50. John Miller's Gravatar John Miller
    March 29, 2019 - 11:37 am | Permalink

    Wilberforce had a vision of justice that was all-consuming. His actions began a world-wide consideration of an evil that struck at the heart of the Anglo-Saxon world.

  51. Barbara MacRobie's Gravatar Barbara MacRobie
    March 29, 2019 - 11:40 am | Permalink

    As all have said, a tough call, and either man is a great win! I’ve decided to vote for Wilberforce. When you’re an “insider” yet work completely against what the entrenched system wants, the personal cost is high. And I’m thrilled to learn about all the other good works he did.

  52. Jane Bucci's Gravatar Jane Bucci
    March 29, 2019 - 12:00 pm | Permalink

    For reasons that have all been covered by others, Wilberforce is my guy today. I’m still working on “Pisky” and looking forward to the laugh when I figure it out:)

    • Jane Bucci's Gravatar Jane Bucci
      March 29, 2019 - 12:04 pm | Permalink

      Admit I had to google Pisky – let’s just put it down to a night without much sleep………

    • Susan Lee Hauser's Gravatar Susan Lee Hauser
      March 29, 2019 - 1:57 pm | Permalink

      If you want a hint, think about what was the chief difference between Absalom Jones and Richard Allen. If you don’t want a hint, ignore me!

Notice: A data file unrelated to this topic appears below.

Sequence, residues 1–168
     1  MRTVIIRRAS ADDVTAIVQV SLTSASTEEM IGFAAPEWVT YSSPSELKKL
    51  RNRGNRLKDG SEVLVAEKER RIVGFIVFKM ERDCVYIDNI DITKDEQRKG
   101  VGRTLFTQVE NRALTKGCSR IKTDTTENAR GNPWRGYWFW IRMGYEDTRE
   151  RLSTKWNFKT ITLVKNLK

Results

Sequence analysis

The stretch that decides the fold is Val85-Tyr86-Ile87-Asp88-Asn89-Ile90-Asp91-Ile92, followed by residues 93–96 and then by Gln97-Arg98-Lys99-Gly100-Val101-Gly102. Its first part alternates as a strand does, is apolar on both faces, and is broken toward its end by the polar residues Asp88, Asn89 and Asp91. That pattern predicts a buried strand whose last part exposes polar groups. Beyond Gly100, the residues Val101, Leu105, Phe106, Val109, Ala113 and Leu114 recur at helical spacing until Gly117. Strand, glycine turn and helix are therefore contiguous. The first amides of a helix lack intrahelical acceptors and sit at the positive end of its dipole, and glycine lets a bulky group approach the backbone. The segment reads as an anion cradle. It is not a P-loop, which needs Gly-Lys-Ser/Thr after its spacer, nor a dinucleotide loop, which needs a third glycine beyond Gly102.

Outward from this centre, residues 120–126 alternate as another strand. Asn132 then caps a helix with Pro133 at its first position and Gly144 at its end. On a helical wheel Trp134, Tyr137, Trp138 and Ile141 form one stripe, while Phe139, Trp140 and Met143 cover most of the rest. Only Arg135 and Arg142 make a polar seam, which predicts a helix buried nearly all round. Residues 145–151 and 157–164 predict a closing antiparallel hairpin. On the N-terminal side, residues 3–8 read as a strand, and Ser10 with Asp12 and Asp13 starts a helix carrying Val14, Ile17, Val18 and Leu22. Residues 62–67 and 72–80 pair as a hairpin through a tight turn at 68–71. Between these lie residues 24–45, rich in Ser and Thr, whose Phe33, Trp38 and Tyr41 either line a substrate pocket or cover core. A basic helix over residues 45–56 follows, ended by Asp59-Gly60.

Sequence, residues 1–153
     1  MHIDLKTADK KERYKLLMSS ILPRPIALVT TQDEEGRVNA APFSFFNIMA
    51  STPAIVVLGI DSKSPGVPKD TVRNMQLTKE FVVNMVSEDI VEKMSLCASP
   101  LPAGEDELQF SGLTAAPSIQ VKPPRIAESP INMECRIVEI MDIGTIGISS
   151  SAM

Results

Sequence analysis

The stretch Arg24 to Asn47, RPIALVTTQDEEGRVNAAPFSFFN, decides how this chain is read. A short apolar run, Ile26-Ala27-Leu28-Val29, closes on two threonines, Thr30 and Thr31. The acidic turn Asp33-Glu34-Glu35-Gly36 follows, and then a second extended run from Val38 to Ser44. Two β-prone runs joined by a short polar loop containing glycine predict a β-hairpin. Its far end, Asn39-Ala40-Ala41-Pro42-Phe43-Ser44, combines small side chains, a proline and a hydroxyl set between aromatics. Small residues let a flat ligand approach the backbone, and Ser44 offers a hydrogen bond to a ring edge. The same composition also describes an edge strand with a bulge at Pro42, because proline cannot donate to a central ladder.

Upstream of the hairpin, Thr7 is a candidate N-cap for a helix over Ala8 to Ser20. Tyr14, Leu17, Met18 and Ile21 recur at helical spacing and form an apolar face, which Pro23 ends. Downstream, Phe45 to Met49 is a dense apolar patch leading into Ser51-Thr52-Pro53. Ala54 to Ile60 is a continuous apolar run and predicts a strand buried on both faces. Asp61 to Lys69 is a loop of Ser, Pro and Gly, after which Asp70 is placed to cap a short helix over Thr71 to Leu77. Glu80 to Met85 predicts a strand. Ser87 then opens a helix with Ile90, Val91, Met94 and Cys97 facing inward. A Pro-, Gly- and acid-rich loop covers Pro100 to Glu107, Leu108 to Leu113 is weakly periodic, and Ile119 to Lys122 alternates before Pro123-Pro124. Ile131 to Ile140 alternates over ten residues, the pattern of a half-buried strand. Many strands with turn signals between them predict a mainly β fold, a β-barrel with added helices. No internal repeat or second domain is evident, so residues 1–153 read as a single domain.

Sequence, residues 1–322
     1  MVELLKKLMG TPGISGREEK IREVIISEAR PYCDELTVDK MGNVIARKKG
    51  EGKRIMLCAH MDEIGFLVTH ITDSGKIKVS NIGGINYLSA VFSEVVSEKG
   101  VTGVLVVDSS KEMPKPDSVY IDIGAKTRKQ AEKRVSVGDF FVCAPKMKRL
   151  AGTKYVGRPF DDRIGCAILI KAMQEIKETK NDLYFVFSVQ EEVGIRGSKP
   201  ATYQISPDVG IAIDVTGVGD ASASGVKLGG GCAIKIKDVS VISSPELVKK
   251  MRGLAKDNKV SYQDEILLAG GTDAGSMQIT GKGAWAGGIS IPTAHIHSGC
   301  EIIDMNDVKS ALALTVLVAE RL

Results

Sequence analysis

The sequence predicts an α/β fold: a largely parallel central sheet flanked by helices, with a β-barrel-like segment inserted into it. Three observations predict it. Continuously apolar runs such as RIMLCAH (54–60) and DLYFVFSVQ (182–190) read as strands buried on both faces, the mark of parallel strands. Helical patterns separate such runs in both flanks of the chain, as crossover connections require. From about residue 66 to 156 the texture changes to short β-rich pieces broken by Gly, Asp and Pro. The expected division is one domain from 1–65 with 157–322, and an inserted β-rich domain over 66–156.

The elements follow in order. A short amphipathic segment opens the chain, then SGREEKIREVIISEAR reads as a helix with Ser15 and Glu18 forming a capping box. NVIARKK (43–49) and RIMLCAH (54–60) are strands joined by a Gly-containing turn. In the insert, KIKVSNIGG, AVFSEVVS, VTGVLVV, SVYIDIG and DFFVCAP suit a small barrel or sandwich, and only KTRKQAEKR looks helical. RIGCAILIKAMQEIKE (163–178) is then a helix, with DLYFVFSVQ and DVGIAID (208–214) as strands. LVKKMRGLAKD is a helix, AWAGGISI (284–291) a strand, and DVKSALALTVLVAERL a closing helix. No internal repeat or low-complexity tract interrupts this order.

53. Elaine Snider's Gravatar Elaine Snider
    March 29, 2019 - 12:04 pm | Permalink

    Having learned about the RNLI as I lived in St. Ives, Cornwall last September and seen these volunteers put out to sea and return to harbor in challenging conditions, my vote tipped to Wilberforce – although both men demonstrate living a life in God.

    • Susan Lee Hauser's Gravatar Susan Lee Hauser
      March 29, 2019 - 2:22 pm | Permalink

      But did you see any piskies there??

      • Davis Dassori's Gravatar Davis Dassori
        March 29, 2019 - 4:55 pm | Permalink

        There are piskies at the bottom of our garden.

        • Susan Lee Hauser's Gravatar Susan Lee Hauser
          March 29, 2019 - 9:35 pm | Permalink


  54. Margaret T.'s Gravatar Margaret T.
    March 29, 2019 - 12:20 pm | Permalink